MADISON | Imagine a world in which you were encouraged to eat your favorite unhealthy food every day with zero consequences.
Oh, you want a bacon double cheeseburger? Go for it.
How about loading your plate up with pancakes drenched in maple syrup? It’s all yours.
Or what about a heaping portion of chicken alfredo seven days a week? Yep, you can have that, too.
This is essentially the life that David Edwards – Wisconsin’s newest offensive lineman — is living in right now. For him, the food he can’t get enough of is Chicago-style deep dish pizza from Lou Malnati’s, a popular restaurant chain in the Chicago area, including a store in Edwards’ hometown of Downers Grove.
“It’s so good,” Edwards said with a huge grin following a practice this past week.
A “skinny” 240 pounds when he arrived on campus last summer, the 6-foot-7 Edwards has packed on 50 pounds, all of it needed as he makes the move from tight end to offensive tackle.
“It is fun,” Edwards said of the weight-gaining process. “Obviously you can’t only put garbage in your body, but when I was playing tight end I was monitoring my weight a little bit. But now I cut it loose and can eat whatever I want, whenever I want.”
And he’s done just that, eating up to four times a day, while he’s watched his weight steadily rise to where he tipped the scales at 290 pounds as the Badgers opened fall camp. He hopes to be 300 pounds before the start of the season and could potentially settle in at 315 to 320.
Edwards story is one that’s not unfamiliar to Wisconsin offensive line coach Joe Rudolph. In 2008, when he served as the team’s tight ends coach, a walk-on from West Allis came to campus as a “big” tight end. But like Edwards, it became pretty clear early on that a change would be needed.
“Ricky (Wagner) came in at 245 pounds,” Rudolph said of the former All-Big Ten left tackle. “Then he was 272 one morning and he got moved. David came in at 280 one morning, and we’re like, ‘Ah, this is probably going to be where he’s going.’”
Wagner made the move while redshirting during his freshman season. He played in 12 games in 2009 and went on to start 37 contests over the next three years, playing along an offensive line that was a key in winning back-to-back-to-back Big Ten titles. A fifth-round pick of the Baltimore Ravens in the 2013 NFL Draft, Wagner has been a mainstay at right tackle for them, having started 31 of a possible 32 games over the past two years.
The day Wagner was drafted marked the end of a journey that Edwards is just starting. Asked what advice he’d give Edwards, the 26-year-old Wagner was straight and to the point.
“You really got to learn fast or you’re not going to make it,” Wagner said this past week during a break at Baltimore’s training camp. “It’s definitely a good thing to get thrown into the fire early on because you learn fast.”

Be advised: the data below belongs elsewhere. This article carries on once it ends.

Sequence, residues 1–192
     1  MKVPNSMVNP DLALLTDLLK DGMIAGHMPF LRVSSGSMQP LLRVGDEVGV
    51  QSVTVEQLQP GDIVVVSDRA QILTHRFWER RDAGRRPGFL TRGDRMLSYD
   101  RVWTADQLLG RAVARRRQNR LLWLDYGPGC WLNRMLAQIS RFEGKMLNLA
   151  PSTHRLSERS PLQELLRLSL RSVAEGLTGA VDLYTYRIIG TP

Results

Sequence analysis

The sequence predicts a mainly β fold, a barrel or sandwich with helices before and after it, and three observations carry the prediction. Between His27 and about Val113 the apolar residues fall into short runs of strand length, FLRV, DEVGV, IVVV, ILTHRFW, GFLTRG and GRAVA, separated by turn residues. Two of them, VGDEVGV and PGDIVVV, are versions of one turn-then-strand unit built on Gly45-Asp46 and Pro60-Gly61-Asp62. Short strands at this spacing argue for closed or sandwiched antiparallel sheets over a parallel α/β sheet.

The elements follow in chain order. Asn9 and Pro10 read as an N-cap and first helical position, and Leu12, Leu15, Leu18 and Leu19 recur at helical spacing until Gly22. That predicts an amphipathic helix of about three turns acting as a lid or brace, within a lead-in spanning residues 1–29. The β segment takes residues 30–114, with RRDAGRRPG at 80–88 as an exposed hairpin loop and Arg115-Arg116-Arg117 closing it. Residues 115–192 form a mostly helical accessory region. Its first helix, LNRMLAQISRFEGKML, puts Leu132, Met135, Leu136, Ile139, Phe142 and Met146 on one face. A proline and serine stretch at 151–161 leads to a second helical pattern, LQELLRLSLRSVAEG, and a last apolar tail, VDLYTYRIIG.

And that’s exactly what’s happening for Edwards. A former high school quarterback, the redshirt freshman has been working with the second-team offense at right tackle, while also getting some reps with the starters in place of redshirt sophomore Jake Maxwell. That means facing All-Big Ten performers like outside linebacker Vince Biegel and defensive end Chikwe Obasih on every snap.
“Everything happens a lot quicker,” Edwards said. “[You’ve] got guys in your face [right away].”
Perhaps no position group on the field needs great technique to play at a high level more than the offensive line. It takes time to learn those movements, and it’s something that neither Wagner or Edwards was ever exposed to in high school. So, outside of on-field work, how does one improve? They open their eyes.
“The biggest thing that helped me was just watching the guys in front of me, watching the starters on tape, pretending that’s you,” Wagner said. “If they do something good, look at why they had success on that play. If they did something wrong, figure out how they can improve it. It really puts yourself in their shoes on film.”
Edwards admitted that having the confidence he could make the move wasn’t necessarily there when the coaching staff told him of the position change back in June. The same could have been said of Wagner when he walked into a room with future first-round picks Gabe Carimi and Kevin Zeitler. But it didn’t last.
“It was kind of intimidating at first. But once I got there, all the guys were like coaches for me,” Wagner said. “They really took me under their wing and really made the transition as easy as possible for me.
“The guys really helped me out and accepted me as one of their own. And I think the offensive line, as a group, is such a tightknit family. It’s hard to fail once they accept you.”
Veterans along the current line accepted Edwards in a similar fashion. If he had questions, he could look to guards Beau Benzschawel and Micah Kapoi. And he’s also well aware of what Wagner accomplished and wouldn’t mind following in his footsteps.
“He’s a great person to look up,” Edwards said.
It’s also possible that the days of being a tight end aren’t completely over for Edwards. Over the past 20 seasons, including when head coach Paul Chryst was Wisconsin’s offensive coordinator, the Badgers have used offensive linemen as jumbo tight ends. Joe Thomas played there as a true freshman in 2003, and Bill Nagy lined up there in 2009 and 2010.
“He might go out there and play tight end for us in a bunch of games. And if we need him to play tackle, we feel like he can play tackle. And do a great job there,” Rudolph said. “He’s going to have a role on this team, but it’s probably going to be multiple (positions) this year.
“But I think his future is going to be at tackle, and I think he’s got a chance to be really good there.”